Mercedes Gilbert

Mercedes Gilbert ((1894-07-26)July 26, 1894 (1952-03-01)March 1, 1952) was an African-American actress novelist, and poet.[1] She was a native of Jacksonville, Florida, and attended Edward Waters College, where she had originally trained to be a nurse, before coming to New York and entering the entertainment profession, first as a songwriter and then as a stage actress.[2]

Mercedes Gilbert
Born26 July 1894
Died1 March 1952
Years active1921-1950

She was known for playing Zipporah, the wife of Moses, in the original touring production of "The Green Pastures" in 1930.,[3] and she was still performing in 1950, appearing on Broadway in a new version of the play "Tobacco Road," with an all-black cast.[4] Gilbert appeared on the screen four times: first in the film The Call of His People in year 1921, next in the film Body and Soul in year 1925, in the film Moon Over Harlem in 1939 as Jackie's mother, and finally in the episode "The Green Dress" of the TV series Lights Out. She also appeared on radio, most notably in a 1943 tribute to black women in America called "Heroines in Bronze." She played the role of Sojourner Truth.[5] She performed occasionally on other radio programs, as well as writing and producing several radio skits. In the mid-1940s, she performed a one-woman show at historically black colleges across the United States.[6] In addition, she was the author of a 1938 novel, "Aunt Sara's Wooden God." [7]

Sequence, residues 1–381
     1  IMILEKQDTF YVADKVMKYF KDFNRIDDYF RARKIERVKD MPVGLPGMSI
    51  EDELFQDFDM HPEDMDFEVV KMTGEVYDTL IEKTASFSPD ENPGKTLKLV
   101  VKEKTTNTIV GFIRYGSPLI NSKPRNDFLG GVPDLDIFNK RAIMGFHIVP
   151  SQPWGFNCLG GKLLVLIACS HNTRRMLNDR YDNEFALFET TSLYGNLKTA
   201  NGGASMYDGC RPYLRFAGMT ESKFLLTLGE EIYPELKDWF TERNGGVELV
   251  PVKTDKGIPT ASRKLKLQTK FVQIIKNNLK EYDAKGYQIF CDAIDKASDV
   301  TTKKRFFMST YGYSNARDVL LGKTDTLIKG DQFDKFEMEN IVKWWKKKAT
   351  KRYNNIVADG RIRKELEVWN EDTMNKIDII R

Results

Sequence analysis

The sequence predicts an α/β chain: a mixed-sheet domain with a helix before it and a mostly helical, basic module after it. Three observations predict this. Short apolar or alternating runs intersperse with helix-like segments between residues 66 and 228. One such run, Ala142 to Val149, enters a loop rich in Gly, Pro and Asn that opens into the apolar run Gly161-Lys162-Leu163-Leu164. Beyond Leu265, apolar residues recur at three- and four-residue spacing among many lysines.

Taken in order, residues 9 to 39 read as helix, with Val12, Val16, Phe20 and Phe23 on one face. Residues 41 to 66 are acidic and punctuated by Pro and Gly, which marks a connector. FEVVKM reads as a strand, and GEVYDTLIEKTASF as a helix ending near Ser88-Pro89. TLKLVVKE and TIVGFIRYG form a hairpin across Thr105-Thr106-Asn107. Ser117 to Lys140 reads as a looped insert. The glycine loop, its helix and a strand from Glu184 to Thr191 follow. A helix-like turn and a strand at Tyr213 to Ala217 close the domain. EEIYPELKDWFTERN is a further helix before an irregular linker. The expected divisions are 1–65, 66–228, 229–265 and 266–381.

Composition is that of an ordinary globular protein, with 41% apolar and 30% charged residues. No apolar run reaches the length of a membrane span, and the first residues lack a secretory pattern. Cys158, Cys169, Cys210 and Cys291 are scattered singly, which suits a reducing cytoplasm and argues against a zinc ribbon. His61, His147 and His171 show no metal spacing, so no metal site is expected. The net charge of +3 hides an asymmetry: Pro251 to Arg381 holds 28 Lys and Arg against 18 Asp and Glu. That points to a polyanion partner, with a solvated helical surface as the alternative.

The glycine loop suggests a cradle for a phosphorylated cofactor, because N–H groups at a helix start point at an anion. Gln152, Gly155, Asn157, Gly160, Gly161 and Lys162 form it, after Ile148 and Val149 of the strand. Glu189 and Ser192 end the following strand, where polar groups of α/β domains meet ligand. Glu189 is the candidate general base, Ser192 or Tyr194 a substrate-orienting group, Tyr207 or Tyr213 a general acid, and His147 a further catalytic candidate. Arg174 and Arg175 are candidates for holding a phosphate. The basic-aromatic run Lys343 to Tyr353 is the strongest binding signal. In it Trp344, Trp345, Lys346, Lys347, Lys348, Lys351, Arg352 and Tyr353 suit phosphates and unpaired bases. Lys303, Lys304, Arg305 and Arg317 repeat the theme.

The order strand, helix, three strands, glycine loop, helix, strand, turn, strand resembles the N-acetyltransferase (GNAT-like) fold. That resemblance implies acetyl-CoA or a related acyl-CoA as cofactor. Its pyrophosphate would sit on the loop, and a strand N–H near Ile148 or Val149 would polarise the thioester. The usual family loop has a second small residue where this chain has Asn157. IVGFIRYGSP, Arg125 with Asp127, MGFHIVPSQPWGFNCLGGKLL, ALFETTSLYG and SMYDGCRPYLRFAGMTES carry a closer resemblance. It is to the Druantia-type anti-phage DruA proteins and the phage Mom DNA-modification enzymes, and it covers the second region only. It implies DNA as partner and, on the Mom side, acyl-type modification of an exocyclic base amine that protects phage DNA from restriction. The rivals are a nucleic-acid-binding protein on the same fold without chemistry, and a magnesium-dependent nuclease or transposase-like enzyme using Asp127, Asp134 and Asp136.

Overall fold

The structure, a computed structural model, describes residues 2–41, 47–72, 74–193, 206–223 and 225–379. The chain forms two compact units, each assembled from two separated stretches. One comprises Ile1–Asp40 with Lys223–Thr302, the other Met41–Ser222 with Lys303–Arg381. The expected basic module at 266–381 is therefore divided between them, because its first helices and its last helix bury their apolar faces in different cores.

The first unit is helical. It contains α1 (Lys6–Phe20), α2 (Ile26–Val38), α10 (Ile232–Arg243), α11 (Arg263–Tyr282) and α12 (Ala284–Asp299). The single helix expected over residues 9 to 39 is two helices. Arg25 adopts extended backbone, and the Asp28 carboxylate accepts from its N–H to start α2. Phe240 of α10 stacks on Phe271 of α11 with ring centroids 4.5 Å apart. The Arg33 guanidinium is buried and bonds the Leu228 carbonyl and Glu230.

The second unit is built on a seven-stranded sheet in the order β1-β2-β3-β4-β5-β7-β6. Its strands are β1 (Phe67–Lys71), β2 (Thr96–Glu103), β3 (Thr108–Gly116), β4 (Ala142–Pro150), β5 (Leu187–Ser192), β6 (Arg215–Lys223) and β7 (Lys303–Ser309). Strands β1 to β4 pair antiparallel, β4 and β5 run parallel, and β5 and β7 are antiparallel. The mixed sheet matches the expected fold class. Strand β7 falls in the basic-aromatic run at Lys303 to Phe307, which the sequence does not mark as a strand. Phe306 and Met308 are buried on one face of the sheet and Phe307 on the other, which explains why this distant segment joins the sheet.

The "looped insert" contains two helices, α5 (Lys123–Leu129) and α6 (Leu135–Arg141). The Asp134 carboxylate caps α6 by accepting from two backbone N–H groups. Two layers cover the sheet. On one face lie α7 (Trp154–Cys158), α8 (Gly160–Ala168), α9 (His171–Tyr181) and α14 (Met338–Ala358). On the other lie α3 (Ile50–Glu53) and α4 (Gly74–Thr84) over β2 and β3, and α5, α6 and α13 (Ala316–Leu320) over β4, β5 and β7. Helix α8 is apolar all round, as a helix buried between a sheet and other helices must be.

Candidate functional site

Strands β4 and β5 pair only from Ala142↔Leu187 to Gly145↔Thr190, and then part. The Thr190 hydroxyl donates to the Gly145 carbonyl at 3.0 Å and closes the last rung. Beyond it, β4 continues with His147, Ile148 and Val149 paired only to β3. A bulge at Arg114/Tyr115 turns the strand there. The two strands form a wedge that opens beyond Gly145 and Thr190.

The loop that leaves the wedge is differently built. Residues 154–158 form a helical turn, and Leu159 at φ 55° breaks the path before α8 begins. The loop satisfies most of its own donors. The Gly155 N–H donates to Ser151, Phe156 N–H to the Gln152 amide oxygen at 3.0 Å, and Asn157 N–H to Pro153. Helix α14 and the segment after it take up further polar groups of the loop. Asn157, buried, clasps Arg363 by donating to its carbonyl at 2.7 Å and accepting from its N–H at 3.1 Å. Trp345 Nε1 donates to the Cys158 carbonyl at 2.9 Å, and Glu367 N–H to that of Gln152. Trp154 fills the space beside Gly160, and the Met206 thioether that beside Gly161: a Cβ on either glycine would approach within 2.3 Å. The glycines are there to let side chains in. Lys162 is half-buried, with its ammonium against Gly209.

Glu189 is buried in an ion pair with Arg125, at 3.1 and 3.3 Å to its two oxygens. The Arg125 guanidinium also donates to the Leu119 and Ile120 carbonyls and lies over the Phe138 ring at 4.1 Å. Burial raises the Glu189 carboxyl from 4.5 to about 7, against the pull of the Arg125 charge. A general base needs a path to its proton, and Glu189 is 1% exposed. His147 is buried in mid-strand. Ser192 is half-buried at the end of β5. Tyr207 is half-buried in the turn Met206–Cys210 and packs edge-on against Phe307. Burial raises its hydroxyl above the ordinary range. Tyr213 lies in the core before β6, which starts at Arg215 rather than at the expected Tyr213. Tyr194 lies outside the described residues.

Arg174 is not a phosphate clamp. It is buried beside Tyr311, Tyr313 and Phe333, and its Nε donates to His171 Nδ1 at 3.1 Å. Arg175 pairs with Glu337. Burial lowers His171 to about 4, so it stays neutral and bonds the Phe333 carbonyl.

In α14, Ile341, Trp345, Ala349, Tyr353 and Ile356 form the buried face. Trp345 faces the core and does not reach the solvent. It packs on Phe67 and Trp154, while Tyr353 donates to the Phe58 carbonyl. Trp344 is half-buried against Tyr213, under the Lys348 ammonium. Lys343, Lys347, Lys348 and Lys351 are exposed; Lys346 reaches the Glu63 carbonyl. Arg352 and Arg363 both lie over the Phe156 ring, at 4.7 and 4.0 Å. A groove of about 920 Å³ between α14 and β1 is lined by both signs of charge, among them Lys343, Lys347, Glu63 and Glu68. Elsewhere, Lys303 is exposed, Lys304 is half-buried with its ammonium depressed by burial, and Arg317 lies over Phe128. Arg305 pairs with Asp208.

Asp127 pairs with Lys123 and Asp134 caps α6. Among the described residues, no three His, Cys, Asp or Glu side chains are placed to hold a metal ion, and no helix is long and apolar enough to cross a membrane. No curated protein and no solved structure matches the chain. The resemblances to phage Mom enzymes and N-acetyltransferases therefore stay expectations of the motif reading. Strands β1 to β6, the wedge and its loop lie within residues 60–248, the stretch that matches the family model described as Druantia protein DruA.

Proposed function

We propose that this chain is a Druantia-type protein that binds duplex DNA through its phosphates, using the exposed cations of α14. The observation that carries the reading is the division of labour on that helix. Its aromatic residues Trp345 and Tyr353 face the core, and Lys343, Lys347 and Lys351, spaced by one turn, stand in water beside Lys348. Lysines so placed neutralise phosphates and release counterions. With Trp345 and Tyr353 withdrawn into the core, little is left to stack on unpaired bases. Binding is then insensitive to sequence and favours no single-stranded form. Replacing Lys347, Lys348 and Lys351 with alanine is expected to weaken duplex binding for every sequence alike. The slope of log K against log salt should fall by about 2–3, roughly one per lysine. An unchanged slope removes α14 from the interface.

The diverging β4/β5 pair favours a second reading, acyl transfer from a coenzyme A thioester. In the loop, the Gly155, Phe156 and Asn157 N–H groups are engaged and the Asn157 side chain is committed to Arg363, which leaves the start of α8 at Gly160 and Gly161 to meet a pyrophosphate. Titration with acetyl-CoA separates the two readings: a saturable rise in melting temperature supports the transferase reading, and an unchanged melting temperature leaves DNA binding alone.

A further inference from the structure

Ms. Gilbert died at the age of 57, on Sunday March 1st in Queens General Hospital in New York after a three-week illness. She was survived by her husband Arthur J. Stevenson and a brother Earl Gough who was also an actor.[8]

  1. "Radio Artist to Appear in Recital Here." (Little Rock) Arkansas State Press, November 26, 1943, p. 1.
  2. "Mercedes Gilbert, Stage, Radio Actress." New York Times, March 6, 1952, p. 31.
  3. J. Brooks Atkinson, "New Negro Drama of Sublime Beauty." New York Times, February 27, 1930, p. 20.
  4. Sam Zolotow, "Stage Committee Aims to Continue." New York Times, March 3, 1950, p. 20.
  5. "Footlight Flickers." Kansas City (KS) Plain Dealer, April 2, 1943, p. 6.
  6. "Another Talent," Wichita (KS) Negro Star, December 7, 1945, p. 1.
  7. "Latest Books Received." New York Times, October 30, 1938, p. 36.
  8. "Mercedes Gilbert, Noted Actress, Buried In N.Y." Baltimore Afro-American. March 15, 1952. Retrieved 24 September 2014.

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